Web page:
Clearly the superior position of the developed sailing nations could not continue, and from there it was a matter of negotiating a Constitution that was acceptable to all. The existence of OSAF is now a vital foundation stone to help keep Sailing in the Olympics.
With the voting power of the seven other nations in Area L behind him, it was a forgone conclusion that Andre Raoult would be the first President, a position he held for over 10 years, until his death last Thursday night.
Those who know the South Pacific, know that there are some very unique issues, and achievements do not come quickly.
The key items on Andre’s agenda were to see a regional selection for the Olympics using the Pacific Games, and to see a Pacific Sailing base established at Aitutaki in the Cook Islands.
Those causes now remain for others to take over from Andre.
Fair winds John Tierney, Secretary General of the Oceania Sailing Federation, paid this tribute to Andre Raoult:
Kia Orana to the Executive Board and Member Nations of Oceania Sailing Federation
It is with great sadness that I confirm to you all the death of our President and friend Andre Raoult.
Andre slipped away from us all in Marseille, France at 8.30pm on Thursday evening the 20th March 2014. Andre died of cancer. On behalf of each one of you I have conveyed our deepest condolences and love and respect to Andre's wife Linda and all their family on this very sad occasion.
Andre and Linda are very special people who have touched in the lives of so many, many people in Oceania and around the world. This global sailing community today pays tribute to this great man and reflects on Andre's life and the personal manner and nature of Andre's association with each one of us through his beloved sport of Sailing. Andre the sailor, Andre the coach, Andre the instructor, Andre the international Judge, Andre the mentor and Andre the friend. These amazing capacities, personal resources and living images are in themselves a staggering sign of the intensity, completeness and success of Andre's life, His love of Linda Poema Kainuku Raoult and the lifetime of service to the sport he so cherished and lived and loved to the fullest means that almost no words can adequately convey the love and respect that exists in our world for Andre and this truly unique and singularly impressive life and individual. We have been enriched, influenced and improved though the opportunities that our association has benefited each and everyone of us. Thank You Andre for your life and self.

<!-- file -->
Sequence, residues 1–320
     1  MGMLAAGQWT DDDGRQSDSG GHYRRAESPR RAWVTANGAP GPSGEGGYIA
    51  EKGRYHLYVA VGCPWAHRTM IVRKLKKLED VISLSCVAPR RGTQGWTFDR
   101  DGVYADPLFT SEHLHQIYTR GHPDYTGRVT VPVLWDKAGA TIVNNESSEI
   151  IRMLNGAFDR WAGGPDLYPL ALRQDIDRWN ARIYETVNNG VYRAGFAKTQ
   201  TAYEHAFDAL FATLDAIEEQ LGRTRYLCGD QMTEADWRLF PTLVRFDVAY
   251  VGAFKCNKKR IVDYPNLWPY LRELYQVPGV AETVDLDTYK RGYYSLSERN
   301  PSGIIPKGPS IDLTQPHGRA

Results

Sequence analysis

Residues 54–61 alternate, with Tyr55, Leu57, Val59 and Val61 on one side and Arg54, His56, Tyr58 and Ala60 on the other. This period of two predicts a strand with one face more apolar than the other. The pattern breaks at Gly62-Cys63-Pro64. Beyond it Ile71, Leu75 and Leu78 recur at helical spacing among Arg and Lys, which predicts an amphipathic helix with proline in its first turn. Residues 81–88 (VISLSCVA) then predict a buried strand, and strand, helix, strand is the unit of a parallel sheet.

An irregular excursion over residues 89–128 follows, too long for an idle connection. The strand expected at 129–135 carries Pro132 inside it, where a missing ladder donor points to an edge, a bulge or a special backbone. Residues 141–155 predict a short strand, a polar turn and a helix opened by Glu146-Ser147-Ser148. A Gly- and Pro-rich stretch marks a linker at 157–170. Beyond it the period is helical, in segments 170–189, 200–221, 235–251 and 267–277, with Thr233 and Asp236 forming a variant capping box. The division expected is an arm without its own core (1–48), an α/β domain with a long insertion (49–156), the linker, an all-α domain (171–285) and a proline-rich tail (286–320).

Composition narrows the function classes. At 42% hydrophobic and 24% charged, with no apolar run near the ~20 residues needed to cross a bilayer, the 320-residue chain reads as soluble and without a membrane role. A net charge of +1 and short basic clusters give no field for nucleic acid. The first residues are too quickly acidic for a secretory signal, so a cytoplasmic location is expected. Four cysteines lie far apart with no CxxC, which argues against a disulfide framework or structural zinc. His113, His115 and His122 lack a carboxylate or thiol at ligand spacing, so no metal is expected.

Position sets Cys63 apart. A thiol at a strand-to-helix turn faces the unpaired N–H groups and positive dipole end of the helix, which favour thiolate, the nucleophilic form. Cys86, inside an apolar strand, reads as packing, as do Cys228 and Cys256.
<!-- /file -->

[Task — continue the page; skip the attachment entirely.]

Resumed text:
From Andre's Brittany boyhood to Africa, to French Polynesia, to Cook Islands and the Pacific Islands and countries of Oceania to the very last days of his life in Oceania all were so fully engaged with the ocean and sailing that it was only in February this year while Andre and Linda were in Takapuna, Auckland, New Zealand at the 2014 A-Class Catamaran World Championships as an International Judge that he learned the news that he had cancer. Andre and Linda immediately travelled to Marseille, France to the world acclaimed hospital with his own brother as a senior member of its medical staff where Andre underwent further tests and treatment. That was only five weeks ago and will give you the sense of the timing and appreciation of the sudden and unexpected nature of this news of his passing.
One of the last activities as our President of Oceania Sailing Federation was that Andre completed and presented his OSAF Annual Report for 2013 and this was finalised just two weeks ago. Much of the considerable work achieved in 2013 and indeed over the last 10 years since our first meeting in Suva Fiji in 2003 is through the vision and commitment of our President.
The Oceania Sailing Federation progress and achievements over these years are recorded in these annual reports and in Andre's latest and now last Annual Report to us all. We will all sadly miss this great man and our inspirational leader in Oceania Sailing. Let us all celebrate Andre’s life and live the dream and deliver the vision of the future of Oceania Sailing
In the words of his beloved wife Linda, 'Andre is flying to Hawaiki love Linda'. Farewell Andre.
Au revoir mon ami
Oceania Sailing Federation